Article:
Monday, 10 November 2014

Bridge Jumping

Today, the BBC put an article on its website concerning the first bungee jump from Clifton Suspension Bridge. This reminded me of another attempt to jump from this famous bridge dating from 1887.

Lawrence M. Donovan had reached a certain level of fame in the United States for jumping from famous bridges. In 1886 he’d jumped from Brooklyn Bridge and then in November of the same year, he jumped from the New Suspension Bridge over the Niagara River.

Then, in June 1887, he jumped from Westminster Bridge in London, with rumours that he was planning on jumping from the Clifton Suspension Bridge in Bristol.

The police were on their guard to prevent this from happening, and so it was that on the 22 June 1887 the Bristol Mercury ran a story about how a man was taken into custody after an attempt to reach the bridge.

The paper informs us that Superintendent Thatcher told Donovan that “any person going to the Clifton bridge with an intention to jump from it would be regarded by all in their rational senses as contemplating suicide, and it was the duty of the police to protect him against himself.” Donovan was refused bail. On his trail the following week, Donovan gave assurances that, we he to be bailed, he would leave Bristol immediately and make no further attempt to jump from the bridge.

No more is reported on the subject until suddenly in the Spring of the following year. Donovan was back in Bristol for a fortnight and had made clear his plans to jump. The six months that he was bound to keep the peace from his previous visit to Bristol was now over, and he was free to return and try again.

First, he said he would jump on Saturday 10 March 1888. He was foiled by the presence of police, and so it was the following day when he tried again.

The Bristol Mercury for Wednesday 14 March reports that “last night, the darkness and the rain being considered favourable to the plan, which was to elude the vigilance of the police [...] Donovan resolved to achieve his object.”

According to the man who drove Donovan to the bridge, at around 8.15pm, “the American then left the wagonette, took off a heavy overcoat, which he threw into the river, climbed the balustrade and having held on for a sufficient time to steady himself, he dropped feet foremost into the water.”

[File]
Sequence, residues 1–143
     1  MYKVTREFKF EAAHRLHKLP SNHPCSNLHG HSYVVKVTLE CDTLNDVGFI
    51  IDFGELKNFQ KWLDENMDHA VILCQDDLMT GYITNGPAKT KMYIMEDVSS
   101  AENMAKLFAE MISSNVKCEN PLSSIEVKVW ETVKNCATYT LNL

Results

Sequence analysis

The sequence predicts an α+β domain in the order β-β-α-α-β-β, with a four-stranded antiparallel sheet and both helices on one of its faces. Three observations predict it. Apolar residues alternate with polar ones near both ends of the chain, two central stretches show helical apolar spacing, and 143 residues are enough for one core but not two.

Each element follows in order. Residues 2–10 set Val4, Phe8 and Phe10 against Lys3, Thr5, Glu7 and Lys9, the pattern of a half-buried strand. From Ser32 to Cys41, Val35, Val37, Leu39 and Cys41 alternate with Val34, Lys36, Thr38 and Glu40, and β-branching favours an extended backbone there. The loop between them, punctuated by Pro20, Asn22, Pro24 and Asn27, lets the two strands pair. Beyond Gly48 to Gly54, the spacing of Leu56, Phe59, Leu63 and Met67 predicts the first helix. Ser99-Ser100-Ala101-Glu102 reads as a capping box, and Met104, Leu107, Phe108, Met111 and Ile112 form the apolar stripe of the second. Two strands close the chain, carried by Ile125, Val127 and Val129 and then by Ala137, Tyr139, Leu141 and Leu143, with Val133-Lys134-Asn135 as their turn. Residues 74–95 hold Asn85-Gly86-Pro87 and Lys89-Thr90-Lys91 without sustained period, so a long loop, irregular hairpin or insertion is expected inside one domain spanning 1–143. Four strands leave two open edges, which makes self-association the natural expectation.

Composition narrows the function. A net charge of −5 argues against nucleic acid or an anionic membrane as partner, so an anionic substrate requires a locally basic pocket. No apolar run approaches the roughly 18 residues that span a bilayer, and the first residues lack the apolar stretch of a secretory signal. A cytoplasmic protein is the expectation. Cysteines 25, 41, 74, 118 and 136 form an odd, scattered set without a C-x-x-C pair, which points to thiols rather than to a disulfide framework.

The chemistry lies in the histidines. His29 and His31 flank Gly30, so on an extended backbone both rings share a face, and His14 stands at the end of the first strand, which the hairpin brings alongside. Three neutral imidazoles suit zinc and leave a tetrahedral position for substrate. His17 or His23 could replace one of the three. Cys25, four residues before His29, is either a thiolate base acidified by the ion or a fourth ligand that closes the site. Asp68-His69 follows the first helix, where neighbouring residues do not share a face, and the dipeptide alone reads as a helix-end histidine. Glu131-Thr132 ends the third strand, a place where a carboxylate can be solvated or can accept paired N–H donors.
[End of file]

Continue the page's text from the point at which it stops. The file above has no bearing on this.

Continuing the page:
There are two contrasting testimonies about what happened then. The driver said a boat on the river picked Donovan up, while Donovan himself said he swam to shore and received help from someone living in a cottage near the river.

However, the police on duty – both on the bridge and below it – said no one had made a jump from the bridge. On the following day, the Bristol Mercury ran a piece throwing doubt on Donovan’s version of events (which they printed in full) saying that the only witnesses were in the employment of Mr Baker, a local showman who Donovan had been staying with. They were unable to find anyone living by the shore of the Avon who’d seen anything.

Furthermore, the doctor who saw Donovan at the hospital reported no injuries, no bruising or anything of the sort you might expect from a jump like this. Donovan’s claim that the force of landing was absorbed by zinc plates in his boots that had been charged up with electricity was dismissed by a doctor as “simply a superstition.”

Meanwhile, the police officers on duty reported seeing no one jump. One, on duty between eight and nine in the evening, did see Mr Baker drive onto the bridge, but was sure he did not stop halfway since he followed it across. Interestingly, the officer on the shift before this one also saw Mr Baker drive across (going the opposite way) at 7.45pm.

Finally, and perhaps most tellingly, was the witness statement from the cab driver who took Donovan to hospital noticed that the American’s shirt wasn’t wet and said that “he went off the bridge about as much as I did.”

Lawrence Donovan was discharged from hospital the day after his alleged jump, but he was not to be deterred. Barely one month later, he tried again. Seven hundred people had turned up to watch, but the police presence made it impossible.

As far as I can tell, he made no further attempt on the Clifton Suspension Bridge, and his career was to come to a sudden and sad ending when, in August 1888, he died jumping from Charing Cross Bridge in London.

The National Police Gazzette: New York, 11 September 1886, p 16
“A Daring Jump,” The Canaseraga Times, Friday, 12 November 1886
“The Projected Dive From The Suspension Bridge,” Bristol Mercury, 22 June 1887
“The Hero of Brooklyn Bridge and Niagara Falls in Prison,” Bath Chronicle and Weekly Gazette, 30 June 1887
“Leap from Clifton Bridge,” Bristol Mercury, 14 March 1888
“Another Attempt to Jump from the Clifton Bridge,” Lichfield Mercury, 6 April 1888
“Fatal Dive by Donovan,” Gloucester Citizen, 08 August 1888

British newspaper clippings from The British Newspaper Archive
American newspaper clippings from Fulton History